House Bierings / Rocha Tombal Architecten

© Hennie Raaymakers
© Hennie Raaymakers

Architects: Rocha Tombal Architecten / Ana Rocha, Michel Tombal
Location: Utrecht,
Project team: Iwona Wozniakowska, Enrique Otero Neira, Elena Cabrera Vacas
Client: Fam. De Haas-Bierings
Construction: Pieters Bouwtechniek Delft bv
Contractor: Aannemingsbedrijf de Hek bv, Giessen/Oudekerk
Constructed Area: 239 sqm
Budget: $1,716 Euro/sqm
Project year: 2008-2009
Photographs: Hennie Raaymakers from DAPh & Ana Rocha

© Hennie Raaymakers © Hennie Raaymakers © Hennie Raaymakers © Hennie Raaymakers

From a basic form, defined by the municipal urban plan, sculptural “eyes” emerge with direct views to the varied countryside landscape. The form and orientation of the building avoid visual contact with the adjacent houses: at the ground floor the angled ceiling of the kitchen accentuates the intensive contact with the garden. On the first floor, the different shaped openings in the roof and façade offer, like “fingers of light”, varied daylight experiences.

concept sketch
concept sketch
© Hennie Raaymakers
© Hennie Raaymakers

The routing through the house starts in the hall, a section of the ground floor volume. After experiencing the entrance area and passing the gigantic pivoted door, the visitor arrives at the “heart of the house”, the kitchen. Here he looks through the big glass wall straight into the garden, which suggests being outside again. Behind him, the stair cuts a wooden wall inviting to follow the route towards the first floor. Its angled form and extreme proportions (small and high) and the daylight entering from the ceiling, offer the feeling of walking in a medieval street.

section 01
section 01

At the end of it he discovers the living room, a quiet, north-lighted attic space, from which a big opening exposes the surrounding green like in a framed painting.

Cite: "House Bierings / Rocha Tombal Architecten" 05 Oct 2009. ArchDaily. Accessed 23 Sep 2014. <http://www.archdaily.com/?p=36737>

33 comments

  1. Thumb up Thumb down 0

    Очень клево, порадовало… любл когда белым бело…..

  2. Thumb up Thumb down 0

    looks really great, love that wood. I m just a bit worried about how the wood will change its surface over the years as
    the surfaces will be stressed differently by the wind and weather.

  3. Thumb up Thumb down 0

    This house is very drammatic. The zero detail edges and those pop outs make this house plan very striking. But boy is this thing going to weather poorly! All those surfaces so exposed.

  4. Thumb up Thumb down 0

    … the proper wood, properly managed (tecnicaly)can last for at least 50+ // se no problem here… everything nice & clean, from concept2realisation, good attention to detail – unless somebody burns it down

    i’d just add some colors, graphics… hmm… owner has a nice place for … hmmm … enjoying art :)

  5. Thumb up Thumb down -1

    I can appreciate the rigor and the discipline with which the house was detailed (I know how difficult it is to achieve this simplistic minimal look!) Love the warm wood venners, not so much the white floors, and they could really benefit from an Interior Designer. Very interesting exterior form and floor plan. Well done!

  6. Thumb up Thumb down 0

    Superb Architectural DETAIL gives SMALL HOUSE big bang. Vertical wood siding climbs exterior neatly! Interior design has as much pizazz as the outside. Overall a succinct and original piece of art in the form of a home! Can I have a duplicate for my yard, please?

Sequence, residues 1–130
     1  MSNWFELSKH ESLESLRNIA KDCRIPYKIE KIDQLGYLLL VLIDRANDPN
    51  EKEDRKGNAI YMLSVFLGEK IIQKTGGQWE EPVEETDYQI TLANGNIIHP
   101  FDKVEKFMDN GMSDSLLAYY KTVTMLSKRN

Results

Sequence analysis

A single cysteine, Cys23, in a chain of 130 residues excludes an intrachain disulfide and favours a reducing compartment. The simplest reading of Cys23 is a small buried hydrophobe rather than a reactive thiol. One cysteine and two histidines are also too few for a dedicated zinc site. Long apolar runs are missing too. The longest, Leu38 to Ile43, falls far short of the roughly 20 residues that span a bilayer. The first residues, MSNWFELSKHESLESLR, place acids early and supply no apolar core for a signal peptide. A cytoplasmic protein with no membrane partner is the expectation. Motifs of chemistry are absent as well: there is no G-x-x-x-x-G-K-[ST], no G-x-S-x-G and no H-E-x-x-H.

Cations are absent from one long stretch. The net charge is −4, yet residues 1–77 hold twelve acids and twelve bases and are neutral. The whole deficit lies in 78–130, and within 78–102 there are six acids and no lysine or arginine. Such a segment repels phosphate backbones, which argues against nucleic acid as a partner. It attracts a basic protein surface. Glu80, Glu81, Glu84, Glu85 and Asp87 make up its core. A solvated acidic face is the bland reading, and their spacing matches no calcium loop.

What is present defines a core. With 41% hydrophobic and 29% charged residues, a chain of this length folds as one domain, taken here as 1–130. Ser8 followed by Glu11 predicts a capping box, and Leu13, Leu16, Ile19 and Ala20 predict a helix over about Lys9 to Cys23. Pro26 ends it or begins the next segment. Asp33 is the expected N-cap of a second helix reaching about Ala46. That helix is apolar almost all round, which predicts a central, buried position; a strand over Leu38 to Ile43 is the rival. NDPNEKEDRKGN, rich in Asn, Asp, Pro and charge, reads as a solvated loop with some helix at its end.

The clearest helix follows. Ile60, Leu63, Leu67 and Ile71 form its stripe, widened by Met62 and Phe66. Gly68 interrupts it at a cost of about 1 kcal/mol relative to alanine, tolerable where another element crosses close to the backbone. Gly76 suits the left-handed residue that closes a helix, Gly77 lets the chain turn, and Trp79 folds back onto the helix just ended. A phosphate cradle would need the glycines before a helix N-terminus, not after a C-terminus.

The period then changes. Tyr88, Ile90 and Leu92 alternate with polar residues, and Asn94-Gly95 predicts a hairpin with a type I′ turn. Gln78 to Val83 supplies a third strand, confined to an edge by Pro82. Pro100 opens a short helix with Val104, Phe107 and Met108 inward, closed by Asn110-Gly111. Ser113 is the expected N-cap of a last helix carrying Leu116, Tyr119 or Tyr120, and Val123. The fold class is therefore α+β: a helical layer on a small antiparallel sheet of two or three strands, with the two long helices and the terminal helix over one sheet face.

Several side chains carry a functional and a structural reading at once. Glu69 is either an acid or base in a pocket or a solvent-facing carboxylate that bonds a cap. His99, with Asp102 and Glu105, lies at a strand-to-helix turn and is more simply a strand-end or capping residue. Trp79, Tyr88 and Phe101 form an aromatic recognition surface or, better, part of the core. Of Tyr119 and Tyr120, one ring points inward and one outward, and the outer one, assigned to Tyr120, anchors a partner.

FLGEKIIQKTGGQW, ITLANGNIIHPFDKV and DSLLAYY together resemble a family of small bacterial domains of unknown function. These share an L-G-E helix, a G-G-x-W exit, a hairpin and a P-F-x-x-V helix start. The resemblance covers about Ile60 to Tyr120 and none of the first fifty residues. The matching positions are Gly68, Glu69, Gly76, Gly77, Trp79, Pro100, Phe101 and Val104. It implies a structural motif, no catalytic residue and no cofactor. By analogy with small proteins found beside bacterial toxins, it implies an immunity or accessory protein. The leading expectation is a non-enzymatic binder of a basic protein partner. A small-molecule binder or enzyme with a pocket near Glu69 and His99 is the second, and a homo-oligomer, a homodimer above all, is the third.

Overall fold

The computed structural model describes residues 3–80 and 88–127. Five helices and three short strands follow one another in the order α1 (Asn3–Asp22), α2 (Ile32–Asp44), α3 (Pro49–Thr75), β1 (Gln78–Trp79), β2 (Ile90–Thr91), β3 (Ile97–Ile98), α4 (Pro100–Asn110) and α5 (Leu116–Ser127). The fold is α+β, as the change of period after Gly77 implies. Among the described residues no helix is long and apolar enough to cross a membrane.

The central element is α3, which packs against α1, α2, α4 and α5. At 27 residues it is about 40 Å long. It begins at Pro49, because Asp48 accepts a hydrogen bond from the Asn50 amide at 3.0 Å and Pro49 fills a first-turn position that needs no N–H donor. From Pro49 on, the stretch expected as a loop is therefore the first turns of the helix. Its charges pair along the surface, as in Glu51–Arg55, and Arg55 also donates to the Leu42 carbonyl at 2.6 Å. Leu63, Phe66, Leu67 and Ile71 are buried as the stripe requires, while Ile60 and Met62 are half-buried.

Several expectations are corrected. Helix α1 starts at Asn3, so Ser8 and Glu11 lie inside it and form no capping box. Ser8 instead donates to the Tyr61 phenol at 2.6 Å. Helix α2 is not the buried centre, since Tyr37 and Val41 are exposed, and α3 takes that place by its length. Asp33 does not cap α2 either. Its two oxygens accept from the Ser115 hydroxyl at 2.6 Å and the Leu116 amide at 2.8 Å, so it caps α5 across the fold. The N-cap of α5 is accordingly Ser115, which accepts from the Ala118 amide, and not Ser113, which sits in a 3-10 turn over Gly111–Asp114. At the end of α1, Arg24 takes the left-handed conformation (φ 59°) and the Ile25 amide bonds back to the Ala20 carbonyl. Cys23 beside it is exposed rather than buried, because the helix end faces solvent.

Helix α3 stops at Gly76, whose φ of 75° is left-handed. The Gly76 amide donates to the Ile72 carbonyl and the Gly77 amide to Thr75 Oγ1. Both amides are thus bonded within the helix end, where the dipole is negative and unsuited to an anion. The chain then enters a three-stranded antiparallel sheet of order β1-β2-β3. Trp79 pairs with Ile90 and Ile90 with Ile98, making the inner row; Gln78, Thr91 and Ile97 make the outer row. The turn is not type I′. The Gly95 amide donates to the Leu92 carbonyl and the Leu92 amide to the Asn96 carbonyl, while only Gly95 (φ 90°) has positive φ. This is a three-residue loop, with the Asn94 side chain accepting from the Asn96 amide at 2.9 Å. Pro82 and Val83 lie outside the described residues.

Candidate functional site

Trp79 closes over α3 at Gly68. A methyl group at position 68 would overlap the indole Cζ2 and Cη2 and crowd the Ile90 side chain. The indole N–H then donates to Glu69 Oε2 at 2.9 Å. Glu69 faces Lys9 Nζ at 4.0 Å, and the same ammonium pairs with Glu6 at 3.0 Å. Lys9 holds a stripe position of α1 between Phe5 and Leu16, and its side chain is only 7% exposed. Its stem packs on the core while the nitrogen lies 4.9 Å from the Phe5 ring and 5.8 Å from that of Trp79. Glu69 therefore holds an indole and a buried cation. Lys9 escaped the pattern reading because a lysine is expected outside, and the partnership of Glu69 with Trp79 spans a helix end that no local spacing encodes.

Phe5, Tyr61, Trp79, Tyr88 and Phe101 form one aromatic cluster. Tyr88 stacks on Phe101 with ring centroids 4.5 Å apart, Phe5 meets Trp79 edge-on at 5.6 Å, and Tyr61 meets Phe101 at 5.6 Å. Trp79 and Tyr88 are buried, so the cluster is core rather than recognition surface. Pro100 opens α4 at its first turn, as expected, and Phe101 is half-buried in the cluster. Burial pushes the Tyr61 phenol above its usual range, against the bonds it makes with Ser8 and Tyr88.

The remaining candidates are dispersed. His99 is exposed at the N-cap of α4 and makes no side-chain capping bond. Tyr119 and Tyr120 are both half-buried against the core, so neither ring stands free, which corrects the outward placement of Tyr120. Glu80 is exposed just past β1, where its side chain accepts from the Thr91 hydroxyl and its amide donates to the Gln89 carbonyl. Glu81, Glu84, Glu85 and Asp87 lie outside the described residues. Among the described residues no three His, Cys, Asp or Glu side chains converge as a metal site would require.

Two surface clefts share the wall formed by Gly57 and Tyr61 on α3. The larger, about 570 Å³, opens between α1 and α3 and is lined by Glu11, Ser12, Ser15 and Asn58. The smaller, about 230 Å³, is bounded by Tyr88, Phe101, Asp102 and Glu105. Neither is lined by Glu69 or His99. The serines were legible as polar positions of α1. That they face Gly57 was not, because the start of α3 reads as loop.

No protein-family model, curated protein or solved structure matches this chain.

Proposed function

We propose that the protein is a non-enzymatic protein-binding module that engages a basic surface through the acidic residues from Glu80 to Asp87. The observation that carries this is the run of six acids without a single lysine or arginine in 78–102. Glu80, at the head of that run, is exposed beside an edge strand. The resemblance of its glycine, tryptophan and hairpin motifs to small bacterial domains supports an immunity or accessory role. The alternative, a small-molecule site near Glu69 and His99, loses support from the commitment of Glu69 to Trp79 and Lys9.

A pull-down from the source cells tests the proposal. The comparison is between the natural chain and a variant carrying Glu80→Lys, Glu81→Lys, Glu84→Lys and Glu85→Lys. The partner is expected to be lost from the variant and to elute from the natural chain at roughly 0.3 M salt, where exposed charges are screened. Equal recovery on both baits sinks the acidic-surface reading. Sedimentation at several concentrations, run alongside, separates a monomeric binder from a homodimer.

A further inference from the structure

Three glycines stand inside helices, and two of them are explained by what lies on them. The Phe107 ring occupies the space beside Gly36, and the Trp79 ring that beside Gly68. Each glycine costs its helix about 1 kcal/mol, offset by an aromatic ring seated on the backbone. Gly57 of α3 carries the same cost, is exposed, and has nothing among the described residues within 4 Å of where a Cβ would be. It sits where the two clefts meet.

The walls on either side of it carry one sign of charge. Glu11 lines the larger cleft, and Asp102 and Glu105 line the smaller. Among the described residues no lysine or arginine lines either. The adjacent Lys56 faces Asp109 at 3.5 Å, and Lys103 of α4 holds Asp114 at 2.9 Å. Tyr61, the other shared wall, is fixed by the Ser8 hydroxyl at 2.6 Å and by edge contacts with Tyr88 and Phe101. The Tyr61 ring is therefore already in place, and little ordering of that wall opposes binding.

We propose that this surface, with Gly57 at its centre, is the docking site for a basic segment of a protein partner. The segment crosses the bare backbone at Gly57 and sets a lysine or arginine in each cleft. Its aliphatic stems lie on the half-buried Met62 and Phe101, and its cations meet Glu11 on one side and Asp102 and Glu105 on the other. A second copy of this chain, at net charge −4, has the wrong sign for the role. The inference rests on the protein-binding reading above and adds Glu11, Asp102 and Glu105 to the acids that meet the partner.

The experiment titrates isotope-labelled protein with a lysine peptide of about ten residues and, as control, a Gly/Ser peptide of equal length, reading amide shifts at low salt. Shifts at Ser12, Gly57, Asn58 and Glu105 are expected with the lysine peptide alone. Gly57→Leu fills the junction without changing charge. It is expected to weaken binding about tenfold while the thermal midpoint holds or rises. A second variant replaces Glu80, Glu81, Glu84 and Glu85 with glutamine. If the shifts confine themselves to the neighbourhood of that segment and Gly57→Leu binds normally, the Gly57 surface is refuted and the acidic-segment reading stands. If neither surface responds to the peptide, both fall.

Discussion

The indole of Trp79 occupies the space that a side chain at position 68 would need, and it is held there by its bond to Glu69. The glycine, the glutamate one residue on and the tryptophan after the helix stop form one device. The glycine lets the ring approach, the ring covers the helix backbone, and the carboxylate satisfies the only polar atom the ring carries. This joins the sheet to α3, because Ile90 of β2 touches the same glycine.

7. Thumb up Thumb down 0

    Oh wow, so absolutely Cool!, simplistic yet quite complex, quirky and elegant I love it!

  8. Thumb up Thumb down 0

    It must be nice to have a house this full of light in the Netherlands. From what they have shown it looks like an excellent adaptation to the building code without sacrificing an interesting parti and privacy in the fenestration. That cannot have been easy to reconcile.

    Terry Glenn Phipps

  9. Thumb up Thumb down 0

    very impressive modern architecture (exterior) forms. Maybe (in my opinion) here’s to much come out forms from the main house structure, but novelty of this arch.decision is taking me admire of it.

    Interior looks a bit like “museum” of living spaces :-). conceptual minimalizm, but without life. Machine for living (or smth, how Le Corbusier said once..).

  10. Thumb up Thumb down 0

    looks neat, but rather cold. I wish it was warmer and more human, it’s a little institutional.

  11. Thumb up Thumb down 0

    .Agradable revestimiento exterior de madera, un detalle hermoso de la casa, es lo que más me agrado, no tanto así el interior, sin embargo, de tener unas buenas aberturas de iluminación bien logradas

  12. Thumb up Thumb down 0

    It’s very pure. Nice details. A house, piece of sculpture. But sculptural masterpiece of that excellent kind isolates itself from the real material world and everyday life. It might not suit for living, it mostly is for being. I prefel some warmer house.

  13. Thumb up Thumb down 0

    gorgeous, love the crisp lines and silhouette-like nature of the house with the clouds behind. Awesome detailing, tried looking for gutters but really well disguised. Where the heck does the water go though? im guessing the gutter line is visible through the window but thats one damn fiddly detail, waterproofing mustve been a bitch. Epic house nonetheless, wouldnt work here in South Africa

  14. Thumb up Thumb down +1

    My guess for the detailing : very traditional house underneath a wooden skin that is standing in free air. That is; the wood only touches the actual moisture proofing on some chosen points, and thus get’s aired out pretty well.

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